This groundbreaking series had three rotating stars, who were featured in independent episodes tied together by a loose common theme. The commonality was Howard Publications, the self-made ...
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Top scientist Harry Roarke has disappeared - has he fled to Cuba, as most people believe, or is he still in the United States? Freelance newsman Sam Hardy, with Peggy Maxwell, investigate on behalf ...
Lovely young widow Carolyn Muir, her two young children, and the maid discover that the New England seaside house they've moved into is haunted by the former owner -- an old salt named ... See full summary »
This groundbreaking series had three rotating stars, who were featured in independent episodes tied together by a loose common theme. The commonality was Howard Publications, the self-made publishing empire of Glenn Howard. Episodes featuring Howard focused on his business and political confrontations and his flamboyant lifestyles. Other episodes featured Jeff Dillon, a crusading investigative reporter, or Dan Farrell. Farrell was a retired FBI agent who used his position as the editor of "Crime Magazine" to wage a literary war against organized crime. The series had several semi-regulars who were featured in one or more of the plot threads, including editorial assistant Peggy Maxwell, and junior reporters Joe Sample, Andy Hill and Ross Craig.Written by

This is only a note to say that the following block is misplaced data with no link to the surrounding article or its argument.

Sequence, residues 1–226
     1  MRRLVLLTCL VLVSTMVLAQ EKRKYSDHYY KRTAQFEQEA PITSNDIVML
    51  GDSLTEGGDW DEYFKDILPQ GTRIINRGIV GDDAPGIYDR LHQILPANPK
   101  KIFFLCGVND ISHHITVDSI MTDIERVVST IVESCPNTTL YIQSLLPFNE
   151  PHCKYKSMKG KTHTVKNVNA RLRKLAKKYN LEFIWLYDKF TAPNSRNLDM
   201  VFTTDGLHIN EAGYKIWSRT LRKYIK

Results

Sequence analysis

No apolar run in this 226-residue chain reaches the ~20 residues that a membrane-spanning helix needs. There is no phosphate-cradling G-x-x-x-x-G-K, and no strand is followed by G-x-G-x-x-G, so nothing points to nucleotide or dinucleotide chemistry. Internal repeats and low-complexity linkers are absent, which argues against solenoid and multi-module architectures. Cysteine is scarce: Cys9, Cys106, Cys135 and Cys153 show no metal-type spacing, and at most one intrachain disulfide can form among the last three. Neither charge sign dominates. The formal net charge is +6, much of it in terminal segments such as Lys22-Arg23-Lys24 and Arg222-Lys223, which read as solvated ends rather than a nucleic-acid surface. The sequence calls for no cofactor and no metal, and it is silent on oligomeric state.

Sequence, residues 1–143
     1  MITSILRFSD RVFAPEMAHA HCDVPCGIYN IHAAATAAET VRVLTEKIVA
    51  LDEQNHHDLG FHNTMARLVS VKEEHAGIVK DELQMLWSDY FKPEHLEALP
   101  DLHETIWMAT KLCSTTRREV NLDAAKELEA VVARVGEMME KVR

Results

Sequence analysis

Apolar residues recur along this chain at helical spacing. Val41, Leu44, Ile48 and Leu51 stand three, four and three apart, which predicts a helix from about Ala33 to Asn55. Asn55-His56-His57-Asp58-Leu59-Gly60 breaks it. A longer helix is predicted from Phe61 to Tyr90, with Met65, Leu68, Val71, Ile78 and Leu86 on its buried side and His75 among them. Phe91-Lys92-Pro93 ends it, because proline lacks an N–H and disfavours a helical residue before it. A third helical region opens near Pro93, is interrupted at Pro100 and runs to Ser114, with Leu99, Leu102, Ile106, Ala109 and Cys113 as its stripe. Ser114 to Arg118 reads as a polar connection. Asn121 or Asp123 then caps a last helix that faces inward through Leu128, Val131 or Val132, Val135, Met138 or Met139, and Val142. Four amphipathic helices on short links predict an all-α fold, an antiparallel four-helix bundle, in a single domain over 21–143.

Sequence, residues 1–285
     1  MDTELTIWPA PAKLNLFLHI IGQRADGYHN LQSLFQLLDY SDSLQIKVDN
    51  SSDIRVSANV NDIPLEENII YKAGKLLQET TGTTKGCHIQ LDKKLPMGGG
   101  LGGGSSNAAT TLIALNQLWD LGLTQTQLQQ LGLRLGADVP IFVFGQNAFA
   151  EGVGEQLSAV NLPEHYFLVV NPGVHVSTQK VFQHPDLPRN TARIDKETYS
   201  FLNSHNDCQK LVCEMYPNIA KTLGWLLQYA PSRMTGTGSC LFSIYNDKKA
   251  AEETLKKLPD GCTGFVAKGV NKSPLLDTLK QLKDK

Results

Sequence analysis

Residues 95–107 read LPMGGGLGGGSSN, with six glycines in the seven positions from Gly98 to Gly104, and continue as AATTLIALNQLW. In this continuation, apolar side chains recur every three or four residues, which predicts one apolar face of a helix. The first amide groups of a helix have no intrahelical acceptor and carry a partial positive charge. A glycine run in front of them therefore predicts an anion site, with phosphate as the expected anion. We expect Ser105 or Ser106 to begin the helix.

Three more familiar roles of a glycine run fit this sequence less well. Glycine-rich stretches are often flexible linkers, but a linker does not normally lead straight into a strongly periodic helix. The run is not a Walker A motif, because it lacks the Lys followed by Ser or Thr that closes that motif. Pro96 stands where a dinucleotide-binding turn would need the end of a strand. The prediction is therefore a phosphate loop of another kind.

Marg Baskin <email@example.com>
"The Name Of The Game" was, as I recall, a very interesting and well-done "rotating" series that portrayed various and sundry well-known actors such as Gene Barry and Tony Franciosa as personnel connected with a well-known magazine. The peculiar thing was that this "fictional" magazine later became the real thing in life as we know it. It was a fascinating show to watch -- especially if you'd not seen it before and had caught it in passing later in syndication. It also had a very cool theme song, quite an accomplishment in itself.
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